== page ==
front cover of Missing Measures
Missing Measures
Modern Poetry and the Revolt Against Meter
Timothy Steele
University of Arkansas Press, 1990

By the close of the nineteenth century, many poets had abandoned rhyme and meter in favor of “free verse.” Nearly one hundred years later, a growing number of younger poets are reclaiming traditional conventions of prosody by composing rhymed and measured poetry.

Missing Measures is the first full articulation of the aesthetics of this new movement. Timothy Steele, one of the best of those poets who are sometimes called the “New Formalists,” treats his subject against a backdrop of the long history of ideas about poetry, formulated first by the ancients and re-examined and re-interpreted by subsequent writers.

Steele offers a new perspective on the wholesale departure from tradition proclaimed in modernist critical justifications. A rare marriage of clear writing, careful scholarship, and bold thinking, Missing Measures provides a vital new movement with a critical manifesto.


front cover of The Origins of Free Verse
The Origins of Free Verse
H. T. Kirby-Smith
University of Michigan Press, 1998
H. T. Kirby-Smith offers a far-ranging and intellectually engaging study of the literary history of the debated genre of free verse, aimed not at perpetuating a particular dispute but instead at discovering the generative points of this often celebrated, often maligned form.
Though free verse became a dominant poetic mode only in the twentieth century, Kirby-Smith finds its roots in seventeenth-century England. Beginning his study with writers such as John Milton--who was considered by T. S. Eliot to be the greatest writer of free verse in English--the author places recent and divisive topics in poetics in context, showing them to be attenuated remnants of issues first broached hundreds of years ago.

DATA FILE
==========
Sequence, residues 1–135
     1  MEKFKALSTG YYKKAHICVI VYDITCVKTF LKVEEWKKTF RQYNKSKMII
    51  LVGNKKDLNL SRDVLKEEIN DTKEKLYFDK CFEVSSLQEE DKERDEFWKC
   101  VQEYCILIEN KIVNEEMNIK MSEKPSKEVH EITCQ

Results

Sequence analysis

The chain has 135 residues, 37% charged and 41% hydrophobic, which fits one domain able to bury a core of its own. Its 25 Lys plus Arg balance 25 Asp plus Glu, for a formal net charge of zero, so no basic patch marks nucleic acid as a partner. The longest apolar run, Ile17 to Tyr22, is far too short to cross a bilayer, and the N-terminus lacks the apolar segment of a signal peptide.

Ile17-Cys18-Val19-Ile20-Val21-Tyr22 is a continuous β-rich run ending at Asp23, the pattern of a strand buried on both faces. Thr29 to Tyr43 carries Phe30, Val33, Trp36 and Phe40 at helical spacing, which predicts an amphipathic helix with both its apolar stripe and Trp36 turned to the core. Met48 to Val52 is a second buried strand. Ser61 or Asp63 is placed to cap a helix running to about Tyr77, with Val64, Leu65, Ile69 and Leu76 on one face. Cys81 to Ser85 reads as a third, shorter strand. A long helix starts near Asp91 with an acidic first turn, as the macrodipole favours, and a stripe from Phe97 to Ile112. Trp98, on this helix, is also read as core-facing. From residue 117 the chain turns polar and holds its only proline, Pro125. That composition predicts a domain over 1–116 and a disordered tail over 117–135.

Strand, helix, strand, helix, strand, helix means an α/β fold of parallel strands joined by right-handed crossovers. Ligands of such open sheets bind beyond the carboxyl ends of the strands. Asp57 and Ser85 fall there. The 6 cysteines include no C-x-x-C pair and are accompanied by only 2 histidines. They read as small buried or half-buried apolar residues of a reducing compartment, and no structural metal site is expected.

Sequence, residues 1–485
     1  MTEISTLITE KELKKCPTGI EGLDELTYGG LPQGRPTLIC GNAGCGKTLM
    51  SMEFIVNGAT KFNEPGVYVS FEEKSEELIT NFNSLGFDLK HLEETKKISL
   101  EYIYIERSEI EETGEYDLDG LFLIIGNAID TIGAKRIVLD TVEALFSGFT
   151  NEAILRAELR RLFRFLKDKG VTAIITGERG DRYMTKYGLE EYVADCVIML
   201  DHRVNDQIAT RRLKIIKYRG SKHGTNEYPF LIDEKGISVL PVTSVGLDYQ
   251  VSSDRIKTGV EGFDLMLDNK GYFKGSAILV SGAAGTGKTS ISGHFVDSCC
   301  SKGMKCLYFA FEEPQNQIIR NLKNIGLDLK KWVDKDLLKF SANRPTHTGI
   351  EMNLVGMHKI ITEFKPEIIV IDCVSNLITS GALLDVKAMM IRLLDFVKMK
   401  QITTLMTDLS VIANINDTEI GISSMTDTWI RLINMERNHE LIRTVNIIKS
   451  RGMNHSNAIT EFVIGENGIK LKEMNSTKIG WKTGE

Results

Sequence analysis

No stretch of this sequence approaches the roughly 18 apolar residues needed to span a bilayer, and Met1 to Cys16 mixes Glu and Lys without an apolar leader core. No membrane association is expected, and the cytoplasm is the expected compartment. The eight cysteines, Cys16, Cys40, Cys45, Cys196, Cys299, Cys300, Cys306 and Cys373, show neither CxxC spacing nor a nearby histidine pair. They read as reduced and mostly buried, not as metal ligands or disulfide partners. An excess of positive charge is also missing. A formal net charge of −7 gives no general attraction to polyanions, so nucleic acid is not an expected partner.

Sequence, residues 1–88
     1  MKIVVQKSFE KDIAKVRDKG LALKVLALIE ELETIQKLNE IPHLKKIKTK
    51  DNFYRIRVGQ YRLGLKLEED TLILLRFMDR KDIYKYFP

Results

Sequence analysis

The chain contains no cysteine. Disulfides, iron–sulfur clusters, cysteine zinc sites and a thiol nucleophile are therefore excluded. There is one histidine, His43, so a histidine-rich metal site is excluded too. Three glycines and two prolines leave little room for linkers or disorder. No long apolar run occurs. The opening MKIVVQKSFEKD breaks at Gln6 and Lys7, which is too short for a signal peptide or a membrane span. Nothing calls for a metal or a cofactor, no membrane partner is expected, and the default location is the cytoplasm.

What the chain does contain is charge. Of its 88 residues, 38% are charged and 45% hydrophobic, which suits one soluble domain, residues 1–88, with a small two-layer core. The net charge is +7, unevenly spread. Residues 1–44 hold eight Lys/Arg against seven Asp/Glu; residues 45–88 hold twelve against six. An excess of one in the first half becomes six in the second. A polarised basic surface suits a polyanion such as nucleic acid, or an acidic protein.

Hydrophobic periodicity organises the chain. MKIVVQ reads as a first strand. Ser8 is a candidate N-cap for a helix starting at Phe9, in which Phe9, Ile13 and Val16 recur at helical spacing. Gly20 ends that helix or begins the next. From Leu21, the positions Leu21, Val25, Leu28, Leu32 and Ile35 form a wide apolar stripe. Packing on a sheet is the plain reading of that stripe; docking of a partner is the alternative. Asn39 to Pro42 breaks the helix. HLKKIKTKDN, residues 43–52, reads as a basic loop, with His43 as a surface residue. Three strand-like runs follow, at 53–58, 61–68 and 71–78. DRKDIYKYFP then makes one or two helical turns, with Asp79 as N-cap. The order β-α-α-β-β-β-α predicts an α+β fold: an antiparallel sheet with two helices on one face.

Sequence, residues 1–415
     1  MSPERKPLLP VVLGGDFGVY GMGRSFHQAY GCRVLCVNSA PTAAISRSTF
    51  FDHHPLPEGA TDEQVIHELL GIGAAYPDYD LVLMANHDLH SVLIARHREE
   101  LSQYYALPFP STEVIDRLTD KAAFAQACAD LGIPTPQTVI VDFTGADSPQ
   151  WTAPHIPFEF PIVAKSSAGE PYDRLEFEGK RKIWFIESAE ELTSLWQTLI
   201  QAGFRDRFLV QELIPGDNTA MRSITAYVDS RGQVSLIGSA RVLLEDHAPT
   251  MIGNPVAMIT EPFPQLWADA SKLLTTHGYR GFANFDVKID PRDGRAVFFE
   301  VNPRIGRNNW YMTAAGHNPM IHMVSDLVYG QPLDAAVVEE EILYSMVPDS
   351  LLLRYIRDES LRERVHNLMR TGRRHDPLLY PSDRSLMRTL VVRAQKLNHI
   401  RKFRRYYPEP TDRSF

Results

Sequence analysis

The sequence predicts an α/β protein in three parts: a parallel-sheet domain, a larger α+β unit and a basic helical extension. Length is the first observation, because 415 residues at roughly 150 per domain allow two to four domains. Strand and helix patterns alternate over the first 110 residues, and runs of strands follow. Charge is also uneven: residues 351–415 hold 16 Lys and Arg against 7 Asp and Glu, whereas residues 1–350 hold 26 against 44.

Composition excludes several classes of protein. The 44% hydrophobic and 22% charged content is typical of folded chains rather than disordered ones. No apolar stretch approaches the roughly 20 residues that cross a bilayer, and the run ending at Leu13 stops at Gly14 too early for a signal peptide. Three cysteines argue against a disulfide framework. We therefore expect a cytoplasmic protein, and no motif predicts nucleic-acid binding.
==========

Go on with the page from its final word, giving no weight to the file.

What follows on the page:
The book seeks to establish a consensus on the nature of free verse, with reference to critics and poets including Pound, Eliot, Williams, Amy Lowell, Yvor Winters, and Hugh Kenner. Good free verse, argues Kirby-Smith, arises as a reaction to a well-established set of conventions. Likewise, The Origins of Free Verse goes against the conventions of existing poetic scholarship, offering an encompassing yet fresh--and controversial--literary history of free verse.
"At moments, this study is revelatory. . . . In its range and detail it offers a way of thinking about the history of English-language prosody which recognizes the importance of the poet's individual choices and undercuts our century's vanity. . . . Poetry is a learned art, and Kirby-Smith brings both insight and much learning to reading it." --Times Literary Supplement
"The best study of free verse I have seen. . . . The Origins of Free Verse is a book that all students of prosody will want to read. " --Harvard Review
". . . a witty and polemical account of the emergence and development of free verse." --Choice
H. T. Kirby-Smith is Professor of English, University of North Carolina at Greensboro.